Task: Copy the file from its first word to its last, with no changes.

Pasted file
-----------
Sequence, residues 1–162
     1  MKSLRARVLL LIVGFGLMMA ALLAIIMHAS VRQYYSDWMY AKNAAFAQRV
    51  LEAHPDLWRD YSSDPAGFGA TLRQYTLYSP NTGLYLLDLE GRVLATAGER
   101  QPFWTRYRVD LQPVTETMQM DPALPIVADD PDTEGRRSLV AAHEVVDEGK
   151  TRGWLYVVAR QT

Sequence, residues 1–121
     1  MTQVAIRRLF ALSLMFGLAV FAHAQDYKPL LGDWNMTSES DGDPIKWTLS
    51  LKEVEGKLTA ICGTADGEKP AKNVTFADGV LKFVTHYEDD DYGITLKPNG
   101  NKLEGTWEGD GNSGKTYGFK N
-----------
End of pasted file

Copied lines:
Sequence, residues 1–162
     1  MKSLRARVLL LIVGFGLMMA ALLAIIMHAS VRQYYSDWMY AKNAAFAQRV
    51  LEAHPDLWRD YSSDPAGFGA TLRQYTLYSP NTGLYLLDLE GRVLATAGER
   101  QPFWTRYRVD LQPVTETMQM DPALPIVADD PDTEGRRSLV AAHEVVDEGK
   151  TRGWLYVVAR QT

Sequence, residues 1–121
     1  MTQVAIRRLF ALSLMFGLAV FAHAQDYKPL LGDWNMTSES DGDPIKWTLS
    51  LKEVEGKLTA ICGTADGEKP AKNVTFADGV LKFVTHYEDD DYGITLKPNG
   101  NKLEGTWEGD GNSGKTYGFK N